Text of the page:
It is my goal to have a very safe and reliable UTV
that is capable of going on multiple types of riding, but the reliability is really a big motive for me. It is because, in my time of life, I really enjoy all kinds of riding and the fun getting to know new people with the same riding interest. When Jackie and I are in the mountains we are always enjoying the scenery, and we especially love to stop and smell the roses.
I have spent a major part of my life involved with oval track racing and would like to tell you this story of being involved directly with multiple engine rules. The oval track modified started out with a junkyard engine with an engine claimer fee to keep costs down. As the years went by and the claimer rule changed and then eventually went away, the cost of the engines went to what I would say was the reason our class went from an average of 26 cars per night to 13 cars per night at our low.
In 2002, the last year of the open engines, my last racing engines were worth approximately $7500.00 per engine, and we had two of those. When the more horsepower and speed were there, the reliability of the engine went way down. I had blown up 7 engines in a three- year span – there were many nights of not having fun and lots of time fixing and $$ spent.
Then in 2003, the 350 Chevrolet crate engine was introduced. We immediately started winning a lot of races, and we were not working anywhere near as hard that year.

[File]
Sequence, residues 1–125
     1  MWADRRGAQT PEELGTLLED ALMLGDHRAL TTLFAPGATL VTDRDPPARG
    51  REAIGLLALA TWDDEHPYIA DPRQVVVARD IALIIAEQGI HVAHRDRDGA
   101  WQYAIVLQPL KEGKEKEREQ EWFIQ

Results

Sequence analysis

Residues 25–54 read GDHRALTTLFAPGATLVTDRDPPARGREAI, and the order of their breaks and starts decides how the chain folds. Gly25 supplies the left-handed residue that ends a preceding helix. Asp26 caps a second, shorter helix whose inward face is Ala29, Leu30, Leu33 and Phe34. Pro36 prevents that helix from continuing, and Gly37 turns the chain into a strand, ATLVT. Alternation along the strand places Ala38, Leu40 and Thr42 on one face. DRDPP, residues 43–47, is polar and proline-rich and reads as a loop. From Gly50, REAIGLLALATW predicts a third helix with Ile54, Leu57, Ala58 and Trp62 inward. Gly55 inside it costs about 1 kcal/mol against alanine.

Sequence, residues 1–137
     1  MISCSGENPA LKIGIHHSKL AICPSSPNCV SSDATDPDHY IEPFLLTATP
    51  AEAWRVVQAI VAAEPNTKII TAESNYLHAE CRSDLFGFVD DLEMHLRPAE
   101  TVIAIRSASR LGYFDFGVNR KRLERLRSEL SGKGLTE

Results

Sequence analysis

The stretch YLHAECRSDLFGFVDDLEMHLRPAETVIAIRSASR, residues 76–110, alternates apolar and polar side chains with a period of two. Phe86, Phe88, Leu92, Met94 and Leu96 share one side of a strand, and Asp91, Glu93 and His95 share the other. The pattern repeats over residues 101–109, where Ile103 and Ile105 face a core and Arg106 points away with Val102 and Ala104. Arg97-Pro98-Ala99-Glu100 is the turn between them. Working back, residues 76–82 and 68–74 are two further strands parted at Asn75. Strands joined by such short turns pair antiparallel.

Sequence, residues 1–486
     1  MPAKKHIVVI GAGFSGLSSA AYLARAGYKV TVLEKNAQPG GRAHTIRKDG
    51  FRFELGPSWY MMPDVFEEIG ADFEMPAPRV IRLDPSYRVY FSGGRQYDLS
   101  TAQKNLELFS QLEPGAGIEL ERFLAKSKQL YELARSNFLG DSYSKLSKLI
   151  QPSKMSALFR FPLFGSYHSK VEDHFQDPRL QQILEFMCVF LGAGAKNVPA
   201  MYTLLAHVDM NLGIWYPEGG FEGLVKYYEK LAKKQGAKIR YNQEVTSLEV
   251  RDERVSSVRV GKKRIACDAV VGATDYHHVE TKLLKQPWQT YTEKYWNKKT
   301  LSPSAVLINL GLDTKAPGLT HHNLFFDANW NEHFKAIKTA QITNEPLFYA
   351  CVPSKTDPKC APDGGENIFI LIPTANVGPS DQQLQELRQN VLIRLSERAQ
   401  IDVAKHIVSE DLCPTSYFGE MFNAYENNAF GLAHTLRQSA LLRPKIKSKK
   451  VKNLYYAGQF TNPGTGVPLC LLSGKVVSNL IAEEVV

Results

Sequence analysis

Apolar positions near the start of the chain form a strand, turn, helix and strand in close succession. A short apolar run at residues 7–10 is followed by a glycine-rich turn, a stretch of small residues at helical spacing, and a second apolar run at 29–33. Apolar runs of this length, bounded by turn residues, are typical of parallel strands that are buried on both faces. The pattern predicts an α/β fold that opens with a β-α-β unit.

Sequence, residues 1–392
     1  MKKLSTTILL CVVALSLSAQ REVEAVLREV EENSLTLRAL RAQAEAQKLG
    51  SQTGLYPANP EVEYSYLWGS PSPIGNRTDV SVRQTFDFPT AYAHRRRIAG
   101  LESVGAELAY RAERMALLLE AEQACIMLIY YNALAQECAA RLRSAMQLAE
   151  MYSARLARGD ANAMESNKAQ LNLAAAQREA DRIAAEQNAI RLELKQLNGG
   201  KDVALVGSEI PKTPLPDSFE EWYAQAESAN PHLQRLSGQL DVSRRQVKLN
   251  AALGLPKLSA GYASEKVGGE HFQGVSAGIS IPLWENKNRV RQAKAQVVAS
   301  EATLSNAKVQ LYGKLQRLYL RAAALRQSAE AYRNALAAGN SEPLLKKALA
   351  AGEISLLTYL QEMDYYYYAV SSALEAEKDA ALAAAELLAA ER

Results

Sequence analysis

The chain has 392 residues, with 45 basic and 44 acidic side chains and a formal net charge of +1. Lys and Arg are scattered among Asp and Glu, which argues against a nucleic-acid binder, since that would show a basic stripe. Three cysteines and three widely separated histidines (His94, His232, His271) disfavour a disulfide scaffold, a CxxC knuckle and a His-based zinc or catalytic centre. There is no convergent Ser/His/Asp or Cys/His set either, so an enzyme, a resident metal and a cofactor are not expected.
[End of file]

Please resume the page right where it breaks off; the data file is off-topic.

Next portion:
I had been in the auto repair industry since I was 15 years old, starting in Wendover, UT, working for my Uncle Vern Madsen’s gas station. So, with the 9.0 to 1 crate engine (with an instruction manual in front of me), it was very easy to make this engine work properly – especially since this is what I was doing for a living.
The next six years of racing with the crate engines, and I only witnessed a couple of blown engines. We used to see once per night when the open engines were running. The race engines have a big learning curve, and you need someone who knows their stuff to keep these high- performance engines running well.
So what does this have to do with UTV’s?
When you start putting more horsepower out and change the stock versions of engine tuning and parts, you are turning your reliable UTV into a version of an open engine race car.
They will lose some of their reliability, and you might have to do more work on a regular basis to keep things tuned.
After years of running with almost 600 horsepower engines, and then stepping down to 350 horsepower, it is a noticeable horsepower loss. But there was fun in the experience of not having to work constantly keeping the engines tuned and running perfectly.
The freedom and reliable compromise worked and the difference, without spending all our money on an engine, was that we were able to spend it on the car for safety and handling. The funny thing is – the cars were within .010 thousands of a second on the 3/8’s mile oval track in Salt Lake City compared to our big engine cars.
So, in my opinion, if you are after a fun and exciting ride with the least amount of breakdowns and doing what you came out to do, and that is riding with your friends – think about why you want and need more horsepower than stock, and maybe it might make sense to put money in a different route.
These modern-day UTVs are expensive, and with a lack of maintenance, the repairs can get really expensive. So, think about spending more money on maintaining your UTV, which includes all the models, Polaris, Can-Am, Honda, Kawasaki, and Yamaha. The cost of maintenance is minimal compared to the cost of repairs.
Until we ride again.